4  Results and Discussion

4.1 Dataset

The dataset and input variables used in this study were mainly experimental data extracted from many published papers [8,22,23,3742]. The predicted values are typically the oil recovery and dimensionless time.

4.2 Prediction Performance Metrics

It is well known that an independent test set is not a good indicator of performance on the training set. One may use a training set based on each instance’s classifications within the training set. In order to predict a classifier’s performance on new data, an error estimation is required on a dataset (called test set), which has no role in classifier formation. The training data, as well as the test data, are assumed to be representative samples. In some particular cases, we have to differentiate between the test data and training data. It is worth mentioning that the test data cannot be utilized to generate the classifier. In general, there are three types of datasets, namely, training, validation, and test data. One or more learning schemes use the training data to create classifiers. The validation data is often employed to modify specific classifier parameters or to pick a different one. The test data will then be used to estimate the error of the final optimized technique. In order to obtain good performance, the training and testing sets should be chosen independently. Thus, in order to achieve better performance, the test set should be different from the training set. In many cases, the test data are manually classified, which reduces the number of the used data. A subset of data, which is called the holdout procedure, is used for testing, and the rest is employed for training, and sometimes a part can be used for validation [43]. In this study, 2/3 of the data is utilized for training, and 1/3 is used for testing.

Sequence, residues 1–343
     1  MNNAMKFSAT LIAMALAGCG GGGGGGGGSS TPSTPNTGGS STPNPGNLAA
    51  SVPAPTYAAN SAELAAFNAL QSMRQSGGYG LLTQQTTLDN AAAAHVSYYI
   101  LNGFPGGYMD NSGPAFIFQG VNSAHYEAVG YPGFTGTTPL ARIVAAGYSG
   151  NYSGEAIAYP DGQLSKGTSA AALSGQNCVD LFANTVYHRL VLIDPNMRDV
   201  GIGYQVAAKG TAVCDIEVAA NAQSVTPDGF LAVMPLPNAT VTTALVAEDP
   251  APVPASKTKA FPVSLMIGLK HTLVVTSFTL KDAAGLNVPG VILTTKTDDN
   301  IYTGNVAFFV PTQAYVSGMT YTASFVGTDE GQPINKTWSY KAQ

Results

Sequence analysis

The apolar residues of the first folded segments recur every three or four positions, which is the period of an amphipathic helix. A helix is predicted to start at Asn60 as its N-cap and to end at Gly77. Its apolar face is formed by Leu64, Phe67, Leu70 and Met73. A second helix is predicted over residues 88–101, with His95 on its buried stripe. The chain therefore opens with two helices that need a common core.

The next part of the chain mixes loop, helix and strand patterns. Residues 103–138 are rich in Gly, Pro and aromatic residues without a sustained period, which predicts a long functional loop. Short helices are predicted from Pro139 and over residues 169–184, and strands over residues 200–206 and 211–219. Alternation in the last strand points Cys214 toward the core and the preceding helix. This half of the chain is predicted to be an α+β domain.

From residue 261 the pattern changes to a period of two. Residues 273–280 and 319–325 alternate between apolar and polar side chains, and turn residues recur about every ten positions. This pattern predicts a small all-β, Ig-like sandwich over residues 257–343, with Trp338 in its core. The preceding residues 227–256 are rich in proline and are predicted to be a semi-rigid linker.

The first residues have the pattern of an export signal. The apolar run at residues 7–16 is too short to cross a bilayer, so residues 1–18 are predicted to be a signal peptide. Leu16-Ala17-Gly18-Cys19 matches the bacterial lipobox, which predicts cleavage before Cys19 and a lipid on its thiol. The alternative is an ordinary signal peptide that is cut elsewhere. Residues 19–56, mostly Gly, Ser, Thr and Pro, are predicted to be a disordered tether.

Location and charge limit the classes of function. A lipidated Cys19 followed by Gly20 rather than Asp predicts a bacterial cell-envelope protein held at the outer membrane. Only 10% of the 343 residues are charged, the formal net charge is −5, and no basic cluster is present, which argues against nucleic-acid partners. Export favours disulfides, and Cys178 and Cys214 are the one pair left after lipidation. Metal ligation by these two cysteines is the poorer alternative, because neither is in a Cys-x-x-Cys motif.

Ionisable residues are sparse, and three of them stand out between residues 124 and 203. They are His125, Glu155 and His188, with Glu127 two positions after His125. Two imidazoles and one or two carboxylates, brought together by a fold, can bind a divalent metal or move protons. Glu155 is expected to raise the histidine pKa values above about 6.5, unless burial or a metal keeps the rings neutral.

In order to evaluate the quality of each ML technique, a number of statistical measures are listed in Tab. 3. These measures include correlation coefficient (R), mean-absolute error (MAE), relative-absolute error (RAE), root relative squared error (RRSE) and root-mean-squared error (RMSE) [4446]. For n test cases, assuming that the actual values ai and the predicted ones pi for the test case i are defined as:


Given the following expressions:


Table 3: Prediction performance metrics


4.3 Results

In this study, several machine learning algorithms are utilized to forecast the dimensionless time and oil recovery in terms of primary physical parameters of rocks and fluids. In this regard, diverse prediction models are developed, and the predictors’ performance is examined. As shown in Tab. 4, the SGB learner has achieved better efficiency than the ANN, k-NN, SVM, and RF.

Table 4: Performance of different ML techniques to predict oil recovery and nondimensional time for different wettability conditions


Figs. 24 demonstrate the predicted dimensionless time and oil recovery by the SGB model against the scaling-law (actual) ones [8] for strong/weak/intermediate water-wet cases. The findings show that the performance is enhanced with respect to the coefficient of correlation and MAE and less improvement with regard to RMSE, RAE, and RRSE. It is clearly observed that the SGB method has the highest correlation coefficient. Consequently, one may observe that the SVM method can be reliable in predicting both the oil recovery and dimensionless time because of its ability to achieve better performance while ensuring a better generalization.


Figure 2: SGB predicted oil recovery and dimensionless time against actual scaling-law ones at for intermediate water-wet


Figure 3: SGB predicted oil recovery and dimensionless time against actual scaling-law ones at for


Figure 4: SGB predicted oil recovery and dimensionless time against actual scaling-law ones for weak water–wet

4.4 Discussion